MDPs out in the cold

PwC chairman moves to quell Landwell crisis as KLegal international network faces extinction

The global chief executive officer (CEO) of PricewaterhouseCoopers (PwC) Sam DiPiazza last week sent out an email to all worldwide partners supporting the position of the firm’s global legal network Landwell in the wake of the KLegal crisis.

The Lawyer understands that the email reinforced the official line that the firm’s legal network is still the referral firm of choice for work from non-audit clients, despite the Sarbanes-Oxley Act.
Sources close to Landwell say the move was intended as an explicit reassurance to its law firm in the face of widespread confusion and panic in PwC US about the legality of using overseas accountancy-tied law firms.

The move came as multidisciplinary partnerships (MDPs) across the world were in chaos as PwC’s big four rival KPMG announced that it intended to discontinue its legal network and was forced to do so by the post-Enron regulatory pressures posed by the Sarbanes-Oxley Act.

KLegal UK, dominated by legacy McGrigor Donald partners, has finally and officially got its divorce from KPMG. The bean counters at KPMG have been looking for a way to solve the regulatory problems posed by Sarbanes-Oxley for months. And a growing body of opinion at McGrigors felt that the accountants were just not worth it anymore.

Put the two factors together and you get what The Lawyer predicted three weeks ago – that the writing was already on the wall for the UK’s most viable MDP law firm, KLegal.

Given that the decision on the international network was taken by an increasingly uninterested KPMG and a five-man international board dominated by the interests of McGrigors, it is no surprise that the international network followed KLegal UK straight down the pan.

Sources close to McGrigors’ top brass say that more than a month ago highly influential partners in Scotland had already ruled out any kind of continued relationship with KPMG, despite the fact that this possibility was on the table at that stage.

“They couldn’t see the benefit of a two-pronged approach, where part of the firm continued to work with KPMG and the other part didn’t,” said the source. “They just didn’t think riding both horses would work.”

According to sources close to KLegal, the partners were presented with a fait accompli at the firm’s partnership conference on the last weekend of October.

The source said: “John Griffith-Jones [chief executive of KPMG in the UK] stepped up and announced that the SEC [US Securities and Exchange Commission] was uncomfortable about KLegal being associated with KPMG and the association had to end.”

KLegal managing partner Nick Holt claimed that there was a full and frank discussion at the meeting, but conceded that there was no vote on the future of KLegal or its relationship with KPMG. He claimed “a clear consensus emerged that we should move to a best friends relationship”.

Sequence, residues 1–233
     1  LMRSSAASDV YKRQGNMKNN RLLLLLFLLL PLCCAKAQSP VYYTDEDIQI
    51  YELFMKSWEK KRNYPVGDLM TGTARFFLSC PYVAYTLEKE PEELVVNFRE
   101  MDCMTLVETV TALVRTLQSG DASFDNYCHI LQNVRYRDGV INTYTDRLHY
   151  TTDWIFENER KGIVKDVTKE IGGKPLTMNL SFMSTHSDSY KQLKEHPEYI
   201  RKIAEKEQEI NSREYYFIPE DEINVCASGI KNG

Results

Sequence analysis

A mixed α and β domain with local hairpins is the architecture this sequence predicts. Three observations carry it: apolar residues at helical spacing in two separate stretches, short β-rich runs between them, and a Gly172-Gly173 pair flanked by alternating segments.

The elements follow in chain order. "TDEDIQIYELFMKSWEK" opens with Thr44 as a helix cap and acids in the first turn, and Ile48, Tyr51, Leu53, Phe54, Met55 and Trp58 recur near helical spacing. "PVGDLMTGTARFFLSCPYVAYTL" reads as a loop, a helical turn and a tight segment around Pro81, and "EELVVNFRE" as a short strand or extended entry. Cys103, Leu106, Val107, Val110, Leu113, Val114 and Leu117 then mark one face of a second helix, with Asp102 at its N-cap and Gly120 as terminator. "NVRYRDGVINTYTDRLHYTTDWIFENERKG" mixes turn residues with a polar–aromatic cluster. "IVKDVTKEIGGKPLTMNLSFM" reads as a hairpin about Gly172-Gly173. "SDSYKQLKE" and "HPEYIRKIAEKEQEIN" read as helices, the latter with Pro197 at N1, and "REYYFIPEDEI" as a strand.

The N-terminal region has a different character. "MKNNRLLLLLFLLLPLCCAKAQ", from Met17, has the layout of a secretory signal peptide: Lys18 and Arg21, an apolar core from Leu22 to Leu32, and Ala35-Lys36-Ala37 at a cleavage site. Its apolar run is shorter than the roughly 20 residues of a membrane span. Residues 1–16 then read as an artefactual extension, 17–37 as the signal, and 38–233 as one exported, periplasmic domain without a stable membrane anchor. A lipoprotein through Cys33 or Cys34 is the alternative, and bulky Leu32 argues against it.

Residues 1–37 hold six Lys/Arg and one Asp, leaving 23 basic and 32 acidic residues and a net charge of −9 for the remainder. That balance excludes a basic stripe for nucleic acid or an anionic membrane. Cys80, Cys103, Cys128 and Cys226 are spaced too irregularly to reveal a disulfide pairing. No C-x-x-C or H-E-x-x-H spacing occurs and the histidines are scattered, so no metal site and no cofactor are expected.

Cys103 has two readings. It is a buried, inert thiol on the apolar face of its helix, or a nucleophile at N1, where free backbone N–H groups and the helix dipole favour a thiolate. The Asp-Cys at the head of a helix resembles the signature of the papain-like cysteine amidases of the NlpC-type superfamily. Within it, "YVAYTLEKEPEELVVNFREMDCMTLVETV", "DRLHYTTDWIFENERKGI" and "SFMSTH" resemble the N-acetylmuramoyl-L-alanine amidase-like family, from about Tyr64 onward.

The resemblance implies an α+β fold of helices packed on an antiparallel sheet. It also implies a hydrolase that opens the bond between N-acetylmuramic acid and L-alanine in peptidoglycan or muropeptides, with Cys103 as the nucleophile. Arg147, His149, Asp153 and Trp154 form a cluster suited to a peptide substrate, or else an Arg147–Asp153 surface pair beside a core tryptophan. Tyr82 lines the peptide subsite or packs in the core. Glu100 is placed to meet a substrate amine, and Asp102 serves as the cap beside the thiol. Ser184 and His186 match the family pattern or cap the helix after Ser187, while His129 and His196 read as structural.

Having previously sunk subsidies of more than £10m into the practice, KPMG funding was cut off almost dead last year.
Even the McGrigors partners’ own guarantees are due to run out next September.

It is perhaps no surprise that the McGrigors partners in Scotland, who saw almost no referrals from KPMG and felt SEC audit clients such as Halifax Bank of Scotland were under threat, had lost their taste for a tie-up with accountants. There is still unravelling to be done. Jean-Louis Paul, a member of the KLegal International board, told The Lawyer: “KLegal International is in the process of liquidation.” No replacement Europewide legal referral network has yet been established, although KLegal International’s management hopes to be able to create one.

Former KLegal partners were less phlegmatic about the collapse of the network. One said: “The living, those who are still there, will envy the dead, those who left.”

Another source familiar with the firm told The Lawyer: “It doesn’t surprise me that [Robert] Glennie [KLegal International chief executive] hasn’t been able to finalise the network. They don’t know where they’re going. They couldn’t coincide the timing of the break from KPMG, their relaunch in the UK and the launch of the global network. That should all have been done together – that would have been so much better. The impression that’s been given is that KPMG unilaterally decided, and that KLegal was left to fend for itself, but that’s not what has happened at all.

“Glennie has spent the last 18 months trying to find a US firm and develop the European network. He’s been trying to hold the network together.”
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